My decision-making functions are within me. It does not really matter where exactly a decision is made (which part or parts of the physical brain, whether the "software" that has performed it is considered to be part of my conscious mind or not).

What I'm suggesting is that we cannot say we lack free will simply because of where in our heads any particular decision is made. (Reflex actions are, of course, different as they invlove simple nerve paths outside the brain.) This is not a positive argument for free will, merely questioning one suggested argument against free will.
It's also questioning the definition of free will, which I now realise I rashly took as read. Obviously your definition differs from mine above. How would you (or others) define it?
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Old 25th February 2010, 01:45 PM   #25 (permalink)
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Re: Does free will exist?

Sorry for double posting

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This...

Freedom Evolves: Amazon.co.uk: Daniel C. Dennett: Books

... from a great writer, may interest you!
Thanks Stephen, looks very interesting. I'll definitely read it.

Maybe I should repeat, in case it got lost in my first post, that I'm not arguing that free will can't or doesn't exist, only that at this stage in human development, it is very rare. But I think it will develop, and the route to that development is an increased understanding of consciousness, so that we can become more -- and hopefully, in the end, almost fully -- aware of the powerful influence of our subconscious elements on our behaviour. (Though as Stormfeather pointed out, we can never be completely aware of all these billions of individual influences.)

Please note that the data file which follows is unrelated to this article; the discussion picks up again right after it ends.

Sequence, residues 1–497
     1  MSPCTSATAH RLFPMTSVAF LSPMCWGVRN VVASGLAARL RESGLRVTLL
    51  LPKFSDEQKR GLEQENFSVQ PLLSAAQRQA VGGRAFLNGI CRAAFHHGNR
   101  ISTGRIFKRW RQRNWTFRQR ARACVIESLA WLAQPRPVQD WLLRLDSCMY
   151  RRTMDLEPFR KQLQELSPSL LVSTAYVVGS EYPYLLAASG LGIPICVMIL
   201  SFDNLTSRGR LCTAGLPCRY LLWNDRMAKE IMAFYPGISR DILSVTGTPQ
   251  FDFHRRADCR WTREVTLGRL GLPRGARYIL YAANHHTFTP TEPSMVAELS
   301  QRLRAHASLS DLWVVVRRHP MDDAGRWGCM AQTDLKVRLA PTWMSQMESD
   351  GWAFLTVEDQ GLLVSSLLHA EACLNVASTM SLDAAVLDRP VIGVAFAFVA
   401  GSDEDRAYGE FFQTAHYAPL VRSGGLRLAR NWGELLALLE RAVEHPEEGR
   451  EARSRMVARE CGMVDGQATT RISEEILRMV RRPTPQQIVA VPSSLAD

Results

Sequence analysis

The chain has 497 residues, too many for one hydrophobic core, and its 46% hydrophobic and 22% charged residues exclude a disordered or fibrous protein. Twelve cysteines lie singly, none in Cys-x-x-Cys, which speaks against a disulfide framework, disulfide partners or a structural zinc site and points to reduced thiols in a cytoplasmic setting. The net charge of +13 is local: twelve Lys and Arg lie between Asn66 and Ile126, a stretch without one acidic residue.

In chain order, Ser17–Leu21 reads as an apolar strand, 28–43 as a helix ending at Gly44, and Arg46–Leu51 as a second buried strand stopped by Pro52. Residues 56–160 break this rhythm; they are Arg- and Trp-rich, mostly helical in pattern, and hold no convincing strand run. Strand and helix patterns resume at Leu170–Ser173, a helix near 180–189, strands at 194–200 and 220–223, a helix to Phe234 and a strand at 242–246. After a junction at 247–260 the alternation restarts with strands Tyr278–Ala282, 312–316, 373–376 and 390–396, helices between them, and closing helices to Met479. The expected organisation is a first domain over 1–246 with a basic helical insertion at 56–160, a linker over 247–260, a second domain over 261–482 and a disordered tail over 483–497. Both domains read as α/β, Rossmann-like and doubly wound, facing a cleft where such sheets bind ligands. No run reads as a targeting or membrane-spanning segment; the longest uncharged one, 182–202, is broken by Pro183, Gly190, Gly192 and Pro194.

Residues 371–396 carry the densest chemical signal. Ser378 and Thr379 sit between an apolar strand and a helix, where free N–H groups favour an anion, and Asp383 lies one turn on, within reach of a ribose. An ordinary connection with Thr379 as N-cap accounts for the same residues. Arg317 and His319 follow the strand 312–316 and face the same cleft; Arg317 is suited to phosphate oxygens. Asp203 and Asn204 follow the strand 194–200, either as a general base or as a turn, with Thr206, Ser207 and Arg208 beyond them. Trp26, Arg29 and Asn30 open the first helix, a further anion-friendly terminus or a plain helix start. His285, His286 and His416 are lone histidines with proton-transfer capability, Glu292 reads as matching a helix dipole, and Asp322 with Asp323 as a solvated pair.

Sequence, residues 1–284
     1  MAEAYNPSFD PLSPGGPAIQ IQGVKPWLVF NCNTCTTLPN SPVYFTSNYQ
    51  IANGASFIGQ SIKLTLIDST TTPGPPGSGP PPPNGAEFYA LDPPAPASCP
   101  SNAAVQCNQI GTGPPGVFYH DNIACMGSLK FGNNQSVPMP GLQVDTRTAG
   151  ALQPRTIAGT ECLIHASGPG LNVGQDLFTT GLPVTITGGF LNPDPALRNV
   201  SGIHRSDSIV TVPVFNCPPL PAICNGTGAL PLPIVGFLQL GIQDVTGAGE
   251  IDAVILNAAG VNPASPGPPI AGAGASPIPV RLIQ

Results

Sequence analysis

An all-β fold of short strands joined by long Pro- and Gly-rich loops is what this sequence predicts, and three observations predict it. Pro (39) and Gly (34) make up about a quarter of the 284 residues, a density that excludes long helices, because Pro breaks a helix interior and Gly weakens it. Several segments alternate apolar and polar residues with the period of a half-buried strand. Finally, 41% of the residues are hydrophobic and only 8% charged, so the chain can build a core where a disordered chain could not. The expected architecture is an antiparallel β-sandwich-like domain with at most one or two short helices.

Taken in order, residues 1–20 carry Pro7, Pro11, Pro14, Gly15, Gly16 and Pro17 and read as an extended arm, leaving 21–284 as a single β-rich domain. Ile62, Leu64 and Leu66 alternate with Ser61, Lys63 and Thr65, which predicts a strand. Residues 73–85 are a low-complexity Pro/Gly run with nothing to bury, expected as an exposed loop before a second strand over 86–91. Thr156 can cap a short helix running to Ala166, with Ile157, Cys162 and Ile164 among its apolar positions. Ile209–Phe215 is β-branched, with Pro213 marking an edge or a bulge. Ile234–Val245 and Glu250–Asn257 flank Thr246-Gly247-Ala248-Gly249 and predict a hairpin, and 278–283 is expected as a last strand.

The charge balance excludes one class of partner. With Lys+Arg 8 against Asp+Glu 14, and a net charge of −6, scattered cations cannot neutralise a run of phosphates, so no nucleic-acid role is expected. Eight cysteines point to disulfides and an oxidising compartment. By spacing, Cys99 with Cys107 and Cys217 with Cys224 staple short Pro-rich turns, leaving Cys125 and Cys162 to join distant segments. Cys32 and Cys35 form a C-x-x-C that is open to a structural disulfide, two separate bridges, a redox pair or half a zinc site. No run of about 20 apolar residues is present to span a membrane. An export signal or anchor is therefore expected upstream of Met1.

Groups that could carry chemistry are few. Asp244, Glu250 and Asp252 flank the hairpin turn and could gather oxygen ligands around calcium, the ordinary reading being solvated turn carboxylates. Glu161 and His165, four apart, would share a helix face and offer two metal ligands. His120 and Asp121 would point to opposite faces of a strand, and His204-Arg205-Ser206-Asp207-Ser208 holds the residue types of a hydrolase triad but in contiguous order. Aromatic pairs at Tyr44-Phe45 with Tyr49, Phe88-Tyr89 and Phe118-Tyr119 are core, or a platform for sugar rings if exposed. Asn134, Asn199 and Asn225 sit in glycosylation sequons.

A quote from a review of the book linked to above:

Quote:
the free will debate has neither feature: we all think we are free to choose; as a brute fact either we are or we're not: but either way, we can't change it (if we're not free, then we aren't free to change to be free; if we are free, we're not free to decide not to be). Whatever the answer is, it can't make any difference to the way we live out our lives, since whether we're free to choose begs the very question we're asking.
I disagree with this for the reason above -- the capacity is there, however unexercised, and we can change it, with effort and with awareness of how we work.
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Old 25th February 2010, 02:51 PM   #26 (permalink)
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Re: Does free will exist?